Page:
Sung’s Treats Slings Cold Sweets

The online ice cream shop has customizable flavors specifically for your palette.
JULY 2024


Nearly two years ago, Stephen Sung began to reconsider his path in life. He was working 10- to 12-hour days as an operations director at a local pharmaceutical company and within an 18-month period, both of his parents died. “I took those two big events of working crazy hours and my parents passing away to do something different before my time has expired on this planet,” he says.

His solution? Make ice cream.

“Every time I get ice cream there’s always excitement, and you’re waiting for that special delicious treat you’re going to get,” he explains. “I wanted to do something that was kind of fun, something that people enjoyed.”

That enjoyment comes in the form of Sung’s Treats, his online ice cream shop, which opened last March. Based in Liberty Township, Sung sells the ice cream at The Market @ Oakley Kitchen, Liberty Farm Market Co-Op, and occasionally offers samples and pints at farmers’ markets. He also ships the ice cream nationwide.

With no culinary background, he relied on his days in engineering to help him create the ice cream. “I think it helped being an engineer to understand what goes into ice cream and to understand how things kind of interact together,” he says. “It’s a weird development, but here I am about a year into it now.”

Sung says starting the business wasn’t easy, and he wasn’t sure what he needed to do. It took him months to get a dairy license. “It was a slow process of learning, asking around, and talking to places,” he adds.

Ironically, he’s lactose intolerant. But for his passionfruit ice cream, which he can’t make dairy-free, he’ll take medication.  “My family test tastes all of the ice cream,” he says. “I’ll eat maybe two or three spoonfuls and then that’s about all I can really tolerate before issues.”

Sung’s ability to generate custom creations based on a customer’s preferences— they choose the flavor and add items like nuts, candy, and fruit—sets him apart.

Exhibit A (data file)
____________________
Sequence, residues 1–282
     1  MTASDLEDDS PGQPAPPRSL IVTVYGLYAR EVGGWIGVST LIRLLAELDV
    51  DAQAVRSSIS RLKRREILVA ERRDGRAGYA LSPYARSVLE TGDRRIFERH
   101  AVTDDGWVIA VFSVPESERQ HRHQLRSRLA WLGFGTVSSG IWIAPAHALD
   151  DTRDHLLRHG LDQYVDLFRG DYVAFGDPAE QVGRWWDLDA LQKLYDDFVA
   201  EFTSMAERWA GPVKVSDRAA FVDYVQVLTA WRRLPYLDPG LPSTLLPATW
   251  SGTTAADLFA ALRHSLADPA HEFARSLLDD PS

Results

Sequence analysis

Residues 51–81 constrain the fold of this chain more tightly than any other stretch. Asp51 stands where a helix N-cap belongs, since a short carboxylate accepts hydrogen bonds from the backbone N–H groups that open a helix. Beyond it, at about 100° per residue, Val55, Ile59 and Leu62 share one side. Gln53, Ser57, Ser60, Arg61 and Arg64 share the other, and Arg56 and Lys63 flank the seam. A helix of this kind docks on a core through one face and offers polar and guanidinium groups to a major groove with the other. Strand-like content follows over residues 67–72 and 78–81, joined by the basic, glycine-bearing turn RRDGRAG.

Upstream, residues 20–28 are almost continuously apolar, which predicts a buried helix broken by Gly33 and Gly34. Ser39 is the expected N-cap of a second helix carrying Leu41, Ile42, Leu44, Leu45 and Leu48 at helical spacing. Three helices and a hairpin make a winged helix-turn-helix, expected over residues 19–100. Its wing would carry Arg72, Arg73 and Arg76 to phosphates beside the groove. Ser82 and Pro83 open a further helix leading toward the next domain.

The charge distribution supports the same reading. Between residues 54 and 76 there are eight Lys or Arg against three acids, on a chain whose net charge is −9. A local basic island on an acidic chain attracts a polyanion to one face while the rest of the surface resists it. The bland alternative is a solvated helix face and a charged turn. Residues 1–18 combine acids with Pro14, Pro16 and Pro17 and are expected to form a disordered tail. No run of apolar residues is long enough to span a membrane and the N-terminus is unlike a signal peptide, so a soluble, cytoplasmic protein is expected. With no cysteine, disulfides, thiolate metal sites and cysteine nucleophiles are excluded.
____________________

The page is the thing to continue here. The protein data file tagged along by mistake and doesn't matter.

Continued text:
JULY 2024“I needed to do something different from what the other people do,” he explains. “A lot of places will have the standard flavors. They’ll do a summer release, like peach, or pistachio, and then they won’t make it anymore until next year. But I wanted people to have that experience of pumpkin spice ice cream in March.”

He’s been experimenting with more unusual flavors like ube (purple yam from the Philippines), banana, and passionfruit combined with dragon fruit but also offers “the standards,” such as chocolate, mint chocolate chip, and strawberry. Unlike store-bought ice cream, Sung sticks to “Ohio Proud” dairy products, only using a handful of ingredients with no gums or stabilizers.

“Gums sometimes affect people’s digestive system, so they’ll feel bloated,” he explains. “I wanted to do something more natural. In the old days when ice cream was made, it didn’t have a very long shelf life. It would be at the local soda shop, and you would buy it and eat it. It tasted great.”

When concocting custom flavors for customers, he considers dietary restrictions like paleo and AIP (autoimmune protocol) diets, which eliminates refined sugars, grains, and dairy.

“I don’t think a lot of other ice cream places would figure this out, because you’re probably going to sell maybe a couple pints at most,” he says. “But it makes somebody happy. I’m excited to try to play around and find something good as an offset for sugar. It’s kind of challenging but that’s what I do.”

To place a custom order, Sung suggests customers email him their preferences ( and give him a couple of weeks to formulate the flavor. Then, he’ll arrange to have them pick up their pints at Oakley Kitchen or Liberty Farm Market, or he’ll deliver them.

As for the future, Sung says he doesn’t want to be as big as Jeni’s Splendid or run a seasonal scoop shop, but he does want his ice cream and namesake to live on.

“I would love to have something for my kids,” he says. “I think that’s ultimately what I’d like to do. If I could grow and build this business and then be able to pass it on to them, I think that would be something that would fulfill me.”

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